Some of my favorite things to do on the Internet include looking at various sports sites.  In a positive season like this, I devour any morsel I can extract, reading chat transcripts from writers I don't know well to reading about other teams to see how they would match up in the future.  I read about players I've never heard of on teams I've never seen in leagues I do not follow, on the off chance that something will be said about one that may potentially become a Cleveland Indian, or will be compared to a Cleveland Indians, or that I could imagine raising a son to be a Cleveland Indian decades from now.  I really am a baseball fan, and during the season will watch parts of a random game between uninteresting teams with terrible commentators because I enjoy the sport.  But everything ultimately gets filtered through my personal, unchanging lens of a Cleveland Indians fan. 

I cannot open the sports section this morning, because I may inadvertently catch a glimpse of a grinning Dustin Pedroia, or read the "wisdom" of Manny Ramirez, or be buffeted with a photo of smugly delirious Red Sox fans dancing and waving and generally being more obnoxious than most sentient bipeds.  I cannot visit ESPN, or Baseball Prospectus, or even a message board.  I certainly would not consider listening to sports talk radio.  That part of my life has been eliminated in the short term, because I do not want to be accosted by those images that remind me that the Indians had a 3-1 lead with their Ace on the mound at home, and managed to not simply lose the series to the Red Sox, but to look so thoroughly inept, overmatched, and graceless as to bring to question why there were even there in the first place.  And if this is not a fair reaction (and I have received numerous emails reminding me that it is not), it is the reaction I have.  I am distraught and actually nauseated, and whether this is fair or warranted or reasonable does not matter: it is how I feel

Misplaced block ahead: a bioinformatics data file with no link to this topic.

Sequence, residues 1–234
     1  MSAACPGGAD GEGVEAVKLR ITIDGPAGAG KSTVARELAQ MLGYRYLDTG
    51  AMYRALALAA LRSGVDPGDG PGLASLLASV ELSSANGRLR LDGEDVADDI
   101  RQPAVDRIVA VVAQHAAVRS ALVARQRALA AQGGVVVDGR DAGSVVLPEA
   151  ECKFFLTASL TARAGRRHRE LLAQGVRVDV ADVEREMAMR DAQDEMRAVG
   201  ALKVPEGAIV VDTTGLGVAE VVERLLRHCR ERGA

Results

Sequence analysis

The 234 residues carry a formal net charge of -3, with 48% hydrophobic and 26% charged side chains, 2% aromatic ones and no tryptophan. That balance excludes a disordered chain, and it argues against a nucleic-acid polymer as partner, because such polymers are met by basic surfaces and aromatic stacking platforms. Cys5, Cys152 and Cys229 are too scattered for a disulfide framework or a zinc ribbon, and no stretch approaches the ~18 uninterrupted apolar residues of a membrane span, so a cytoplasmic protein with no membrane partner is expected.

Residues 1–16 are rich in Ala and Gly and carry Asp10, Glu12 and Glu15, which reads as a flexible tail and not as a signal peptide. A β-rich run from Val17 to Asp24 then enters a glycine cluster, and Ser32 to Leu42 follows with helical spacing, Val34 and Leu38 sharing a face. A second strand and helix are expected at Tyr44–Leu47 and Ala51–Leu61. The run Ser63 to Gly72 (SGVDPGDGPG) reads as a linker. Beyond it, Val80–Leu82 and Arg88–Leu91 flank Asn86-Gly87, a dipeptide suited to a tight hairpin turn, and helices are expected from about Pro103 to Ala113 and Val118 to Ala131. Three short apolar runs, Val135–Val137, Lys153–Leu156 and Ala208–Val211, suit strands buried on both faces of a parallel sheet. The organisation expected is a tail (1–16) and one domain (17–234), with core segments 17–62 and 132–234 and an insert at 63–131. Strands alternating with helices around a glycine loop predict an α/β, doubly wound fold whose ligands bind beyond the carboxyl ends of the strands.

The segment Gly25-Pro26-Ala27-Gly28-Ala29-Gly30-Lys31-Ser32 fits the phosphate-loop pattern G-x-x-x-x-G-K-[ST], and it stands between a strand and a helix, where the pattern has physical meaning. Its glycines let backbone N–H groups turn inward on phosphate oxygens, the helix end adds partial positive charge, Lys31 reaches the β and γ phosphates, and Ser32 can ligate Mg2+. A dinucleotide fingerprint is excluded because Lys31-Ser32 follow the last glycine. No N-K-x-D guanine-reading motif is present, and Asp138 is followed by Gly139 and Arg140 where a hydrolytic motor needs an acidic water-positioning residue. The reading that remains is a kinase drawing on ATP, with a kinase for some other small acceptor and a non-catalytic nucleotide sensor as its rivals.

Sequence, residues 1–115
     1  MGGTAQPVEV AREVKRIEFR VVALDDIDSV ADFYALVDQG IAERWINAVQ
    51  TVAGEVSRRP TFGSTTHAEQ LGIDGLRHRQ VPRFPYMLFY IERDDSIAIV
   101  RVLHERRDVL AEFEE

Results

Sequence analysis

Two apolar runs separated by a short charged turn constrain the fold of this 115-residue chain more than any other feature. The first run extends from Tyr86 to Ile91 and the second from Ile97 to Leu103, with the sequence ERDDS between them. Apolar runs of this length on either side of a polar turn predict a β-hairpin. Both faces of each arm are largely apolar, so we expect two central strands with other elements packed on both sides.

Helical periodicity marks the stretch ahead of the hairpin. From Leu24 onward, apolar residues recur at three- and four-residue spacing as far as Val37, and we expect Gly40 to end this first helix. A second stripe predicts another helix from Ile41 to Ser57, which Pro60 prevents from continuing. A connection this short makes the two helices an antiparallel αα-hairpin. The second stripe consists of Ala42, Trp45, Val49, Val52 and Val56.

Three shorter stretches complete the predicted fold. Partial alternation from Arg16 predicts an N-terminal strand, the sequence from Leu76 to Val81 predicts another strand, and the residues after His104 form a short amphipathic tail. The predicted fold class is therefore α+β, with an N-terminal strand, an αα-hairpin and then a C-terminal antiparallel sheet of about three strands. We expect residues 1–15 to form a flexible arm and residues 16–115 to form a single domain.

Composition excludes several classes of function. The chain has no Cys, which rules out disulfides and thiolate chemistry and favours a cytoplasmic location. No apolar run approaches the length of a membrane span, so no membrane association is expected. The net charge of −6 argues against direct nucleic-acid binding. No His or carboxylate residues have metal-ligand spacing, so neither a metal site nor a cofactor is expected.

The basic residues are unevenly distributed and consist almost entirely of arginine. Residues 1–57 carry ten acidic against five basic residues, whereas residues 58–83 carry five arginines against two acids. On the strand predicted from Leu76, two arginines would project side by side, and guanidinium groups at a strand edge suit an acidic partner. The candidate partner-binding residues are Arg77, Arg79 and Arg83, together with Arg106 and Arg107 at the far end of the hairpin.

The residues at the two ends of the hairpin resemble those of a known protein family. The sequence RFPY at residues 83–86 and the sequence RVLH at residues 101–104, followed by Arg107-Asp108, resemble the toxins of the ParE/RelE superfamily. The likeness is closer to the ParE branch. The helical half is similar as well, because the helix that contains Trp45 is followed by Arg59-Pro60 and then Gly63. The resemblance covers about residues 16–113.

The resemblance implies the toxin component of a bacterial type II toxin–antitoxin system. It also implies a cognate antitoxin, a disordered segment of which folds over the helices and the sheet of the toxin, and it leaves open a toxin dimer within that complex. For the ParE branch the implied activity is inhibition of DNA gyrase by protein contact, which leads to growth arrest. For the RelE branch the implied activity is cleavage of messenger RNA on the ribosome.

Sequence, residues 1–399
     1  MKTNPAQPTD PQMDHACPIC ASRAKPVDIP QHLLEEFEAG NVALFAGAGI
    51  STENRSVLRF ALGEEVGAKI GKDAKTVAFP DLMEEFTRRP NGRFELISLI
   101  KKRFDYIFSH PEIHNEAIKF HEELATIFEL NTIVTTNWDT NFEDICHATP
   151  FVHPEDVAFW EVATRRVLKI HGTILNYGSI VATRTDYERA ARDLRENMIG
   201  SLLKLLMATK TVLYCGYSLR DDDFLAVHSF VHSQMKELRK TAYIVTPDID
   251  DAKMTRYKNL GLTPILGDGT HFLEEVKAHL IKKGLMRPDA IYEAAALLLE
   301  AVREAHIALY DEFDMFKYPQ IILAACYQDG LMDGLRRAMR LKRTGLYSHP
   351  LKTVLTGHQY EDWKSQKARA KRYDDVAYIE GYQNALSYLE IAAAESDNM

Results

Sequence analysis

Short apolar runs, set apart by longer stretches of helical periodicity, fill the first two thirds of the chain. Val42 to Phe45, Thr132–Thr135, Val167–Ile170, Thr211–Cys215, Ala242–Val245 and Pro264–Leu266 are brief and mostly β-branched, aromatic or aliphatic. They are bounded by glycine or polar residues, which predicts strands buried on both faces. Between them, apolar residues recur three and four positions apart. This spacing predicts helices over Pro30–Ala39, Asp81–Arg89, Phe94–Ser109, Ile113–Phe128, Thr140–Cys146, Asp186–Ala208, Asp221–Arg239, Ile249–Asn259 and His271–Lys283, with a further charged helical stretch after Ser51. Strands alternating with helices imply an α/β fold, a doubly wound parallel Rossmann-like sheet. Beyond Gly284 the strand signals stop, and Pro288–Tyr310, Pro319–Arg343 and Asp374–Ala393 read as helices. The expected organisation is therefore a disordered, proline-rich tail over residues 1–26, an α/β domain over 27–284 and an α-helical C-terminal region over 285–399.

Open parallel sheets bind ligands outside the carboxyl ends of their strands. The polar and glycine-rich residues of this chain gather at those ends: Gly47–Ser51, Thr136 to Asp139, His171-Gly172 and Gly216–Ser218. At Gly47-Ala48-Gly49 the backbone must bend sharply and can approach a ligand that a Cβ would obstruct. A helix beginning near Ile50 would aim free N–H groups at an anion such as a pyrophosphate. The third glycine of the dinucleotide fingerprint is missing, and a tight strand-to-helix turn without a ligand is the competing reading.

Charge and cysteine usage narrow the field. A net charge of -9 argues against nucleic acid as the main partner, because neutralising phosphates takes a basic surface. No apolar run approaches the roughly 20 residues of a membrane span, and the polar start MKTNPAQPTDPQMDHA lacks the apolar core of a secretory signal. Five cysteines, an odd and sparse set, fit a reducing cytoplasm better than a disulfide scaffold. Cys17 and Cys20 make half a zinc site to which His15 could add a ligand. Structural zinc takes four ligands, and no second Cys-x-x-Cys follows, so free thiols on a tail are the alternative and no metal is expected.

I do not want to wax poetic on the nature of The Cleveland Experience, or to acknowledge the fickle essence of the short series.  I want to give credit to the Red Sox, and I congratulate the Indians on a fine season, but I do not feel these things.  I feel like my team, and I say my team intentionally, as if I have an organic attachment to them even while acknowledging logically and objectively that no such thing exists ... that my team was presented with an opportunity to succeed in a situation in which NONE of MY TEAMS has EVER SUCCEEDED ... never ... not once ... ever ... and not only did not succeed, but almost went out of their way to NOT succeed.  And this is not simply a lamentation of opportunities missed or any sort of attribution of character (here I will be explicit and rational: the men who make up the Cleveland Indians were not weak or cowardly or otherwise deficient, but rather should be applauded for their fine play this season: I have this much perspective) or anything, but rather something that is hard to express.  I wanted this championship.  I wanted it very badly.  It had nothing to do with me, and I still feel emotionally bereft.  It isn't rational.  It isn't reasonable.  It is how I feel

I apologize for those of you who have read the column this year and were hoping for one last blast of entertainment to close the season: I do not have that in me today.  Perhaps I will muster such a thing for a season-in-review or something.  I do not have that in me today.  What I do have is a deep appreciation for anyone who enjoyed reading the column this season: I treasure the feedback I've received, positive or negative (I treasure positive more, if you're wondering which to provide), and am happy that someone found the column worth reading.  I printed last season's columns into a book form, and would be willing to do so again if there is interest.  In the interest of full disclosure, the columns were significantly longer this season, and the time cost of self-printing last year was prohibitive, so the cost would be greater this season.  If anyone is interested, let me know. 

Congratulations to the Cleveland Indians, AL Central Champions, co-owners of the best record in major-league baseball, and winners of three games in the American League Champeenship Series.  Thanks to everyone who made the season possible.  Even Mike Rouse.